The Arab spring or revolution started in Tunisia, a half-African-half-Arabian country, in late 2010 and early 2011. The revolution in Tunisia was bloodless and less dangerous than the revolution in the other Arab countries after them. The revolution removed former President Zine El Abidine Ben Ali and replaced him with a temporary unity government. In October 2011, the Tunisian people had elections where an Islamic organization won election and started to form a Constituent Assembly which is supposed to make a new national constitution. The success of the Tunisian revolution encouraged the early-existing rebels in Egypt. They have got the motivation and solidarity to take over the military dictator, Hosni Mubarak. The revolution in Egypt was much worse and bloody than the Tunisian revolution. After weeks of fight, protests, and bloodshed, the military dictatorship was defeated by the rebels. They formed a new constitution and held elections. Currently, Egypt is ruled by a military government led by Mohammad Morsi, a former NASI engineer as I read his biography from a magazine. When this was happening in Egypt, I was studying in Sudan, an African-Arabian country which is the neighbour of Libya. We had the fear of revolutions starting from this country since it is also an Arabian country ruled by a military dictator, but Thank God it did not happen.
The Libyan civil war began immediately after the Egyptian revolution. This was more terrible and horrible than the previous two Arab revolutions. Moreover, the Libyan dictator, Muammar Gaddafi, was a very big enemy of Europe and the United States. Because of that, the rebels got help from those countries and defeated him and killed him eventually. From that day on, the Libyans were looking for political and social reform. The revolution that was also happening in parallel with the Libyan revolution was the Yemeni uprising. The dictatorship leader of Yemen, Ali Abdullah Saleh, used almost his maximum military power to resist and defeat the rebels, which he actually managed to do. When the Yemeni Revolution was happening, I was moving from Sudan and coming back to my country, Somaliland, through Yemen. I was in the airport of the capital city of Yemen, Sana’a for three days. The flight schedules of the airport were really unstable and delaying day after day due to the civil war. They told us that we cannot go out of the airport to the hotels in the city because we could hear the gunfire near the airport. In Yemen, the protesters succeeded in removing President Ali Abdullah Saleh, but then replaced him with his Vice-President, Abd al-Rab Mansur al-Hadi. The Syrian revolution is still on-going and very devastating as the Libyan revolution. Unfortunately, the rebels did not manage to overthrow Bishar Al Assad. President Assad has used his military on an almost daily basis to kill rebels and protesters there, and is unwilling to negotiate with them. At the moment it appears that the fighting in Syria could go on for a very long time.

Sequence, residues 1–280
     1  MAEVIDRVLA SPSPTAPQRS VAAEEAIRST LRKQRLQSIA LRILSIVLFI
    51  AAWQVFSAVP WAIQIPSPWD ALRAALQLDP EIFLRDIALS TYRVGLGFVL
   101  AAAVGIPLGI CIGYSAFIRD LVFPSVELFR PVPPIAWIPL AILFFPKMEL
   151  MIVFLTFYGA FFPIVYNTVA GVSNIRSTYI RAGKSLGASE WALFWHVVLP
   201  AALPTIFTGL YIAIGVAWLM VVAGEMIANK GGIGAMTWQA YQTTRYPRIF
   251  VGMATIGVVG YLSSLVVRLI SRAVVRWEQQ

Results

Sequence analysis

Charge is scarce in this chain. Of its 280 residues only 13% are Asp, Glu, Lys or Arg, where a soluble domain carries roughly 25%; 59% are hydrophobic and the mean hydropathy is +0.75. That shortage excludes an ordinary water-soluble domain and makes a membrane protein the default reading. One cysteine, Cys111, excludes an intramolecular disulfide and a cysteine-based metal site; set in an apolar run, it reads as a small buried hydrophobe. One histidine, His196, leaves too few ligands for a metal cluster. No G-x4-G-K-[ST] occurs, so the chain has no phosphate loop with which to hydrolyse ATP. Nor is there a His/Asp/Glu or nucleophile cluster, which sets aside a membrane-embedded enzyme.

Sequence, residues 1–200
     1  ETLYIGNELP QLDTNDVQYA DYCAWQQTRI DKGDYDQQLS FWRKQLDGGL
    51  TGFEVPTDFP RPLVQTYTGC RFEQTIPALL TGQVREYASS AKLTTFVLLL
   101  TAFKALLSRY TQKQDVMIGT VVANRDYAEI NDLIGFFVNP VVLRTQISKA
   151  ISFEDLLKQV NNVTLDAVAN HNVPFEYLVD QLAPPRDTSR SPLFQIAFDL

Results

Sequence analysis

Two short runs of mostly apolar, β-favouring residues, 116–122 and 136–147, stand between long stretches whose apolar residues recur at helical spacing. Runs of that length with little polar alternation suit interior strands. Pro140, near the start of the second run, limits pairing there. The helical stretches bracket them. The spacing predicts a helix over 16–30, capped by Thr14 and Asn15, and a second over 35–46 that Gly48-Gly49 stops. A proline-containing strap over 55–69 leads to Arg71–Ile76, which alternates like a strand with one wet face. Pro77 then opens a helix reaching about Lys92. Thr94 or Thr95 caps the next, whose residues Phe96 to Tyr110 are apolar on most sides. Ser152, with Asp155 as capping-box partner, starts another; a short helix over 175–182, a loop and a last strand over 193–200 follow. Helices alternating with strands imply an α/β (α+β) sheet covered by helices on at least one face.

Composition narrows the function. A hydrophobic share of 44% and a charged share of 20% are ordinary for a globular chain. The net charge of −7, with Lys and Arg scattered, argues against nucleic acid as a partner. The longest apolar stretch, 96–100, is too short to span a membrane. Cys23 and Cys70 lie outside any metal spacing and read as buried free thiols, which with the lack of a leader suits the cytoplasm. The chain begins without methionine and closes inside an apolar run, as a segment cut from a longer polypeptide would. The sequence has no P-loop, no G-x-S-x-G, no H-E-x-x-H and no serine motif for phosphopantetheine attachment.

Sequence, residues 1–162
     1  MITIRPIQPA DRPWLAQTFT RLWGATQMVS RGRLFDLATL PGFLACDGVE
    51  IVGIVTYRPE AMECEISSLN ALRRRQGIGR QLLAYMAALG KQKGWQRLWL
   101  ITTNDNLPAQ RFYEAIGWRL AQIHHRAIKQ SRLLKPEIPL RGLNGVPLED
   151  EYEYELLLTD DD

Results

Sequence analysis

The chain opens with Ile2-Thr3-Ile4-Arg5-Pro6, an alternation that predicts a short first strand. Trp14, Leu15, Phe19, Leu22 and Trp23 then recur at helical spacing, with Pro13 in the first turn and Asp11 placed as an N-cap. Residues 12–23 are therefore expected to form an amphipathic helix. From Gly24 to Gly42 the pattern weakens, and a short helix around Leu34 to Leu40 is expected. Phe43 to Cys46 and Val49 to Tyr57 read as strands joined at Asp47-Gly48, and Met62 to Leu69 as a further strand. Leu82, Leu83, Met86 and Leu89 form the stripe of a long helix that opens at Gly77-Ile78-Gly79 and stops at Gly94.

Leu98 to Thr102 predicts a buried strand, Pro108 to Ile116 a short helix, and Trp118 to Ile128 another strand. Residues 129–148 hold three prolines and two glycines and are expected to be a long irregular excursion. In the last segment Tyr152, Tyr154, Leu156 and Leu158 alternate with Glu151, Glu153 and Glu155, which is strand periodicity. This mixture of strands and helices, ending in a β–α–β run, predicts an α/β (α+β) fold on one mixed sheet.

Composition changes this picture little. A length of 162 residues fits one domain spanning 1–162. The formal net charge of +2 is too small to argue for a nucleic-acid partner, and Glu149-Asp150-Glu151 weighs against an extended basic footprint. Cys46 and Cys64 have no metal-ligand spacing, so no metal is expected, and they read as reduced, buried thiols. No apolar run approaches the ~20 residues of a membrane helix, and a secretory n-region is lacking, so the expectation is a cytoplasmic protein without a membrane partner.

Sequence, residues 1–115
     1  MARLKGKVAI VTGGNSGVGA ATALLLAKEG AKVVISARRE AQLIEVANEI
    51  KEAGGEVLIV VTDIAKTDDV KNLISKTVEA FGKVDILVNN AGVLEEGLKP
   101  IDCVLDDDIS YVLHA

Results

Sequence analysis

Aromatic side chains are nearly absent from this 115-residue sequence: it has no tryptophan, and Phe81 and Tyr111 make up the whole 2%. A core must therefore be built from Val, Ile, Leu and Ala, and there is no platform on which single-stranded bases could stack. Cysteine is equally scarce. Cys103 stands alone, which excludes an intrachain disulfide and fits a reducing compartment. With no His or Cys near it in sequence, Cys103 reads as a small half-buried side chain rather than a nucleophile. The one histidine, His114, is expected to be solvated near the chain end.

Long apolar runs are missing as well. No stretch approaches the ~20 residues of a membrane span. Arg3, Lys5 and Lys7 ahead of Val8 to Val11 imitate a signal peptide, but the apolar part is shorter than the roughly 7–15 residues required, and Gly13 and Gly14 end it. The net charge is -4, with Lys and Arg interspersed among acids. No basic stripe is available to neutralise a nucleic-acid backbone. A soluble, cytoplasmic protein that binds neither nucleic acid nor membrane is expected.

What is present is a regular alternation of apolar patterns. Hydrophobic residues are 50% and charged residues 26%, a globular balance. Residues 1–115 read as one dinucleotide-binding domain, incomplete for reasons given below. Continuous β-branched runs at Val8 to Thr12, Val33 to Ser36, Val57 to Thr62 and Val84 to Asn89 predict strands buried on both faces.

As we can clearly see from here, each uprising or revolution is more terrible and blood-shedding than its former revolution. WHY? As Newton’s Third Law of motion says, every action has equal and opposite reaction. The more force the rebels use to fight with the government, the more force and military power the government uses to resist the anti-government protesters to win. Nobody likes dictatorship and people are thirst for democracy and freedom. However, we will see if the uprising of the Arab countries leads to positive transformation where people become satisfied with their leaders and continue to have freedom and the power to choose their representatives.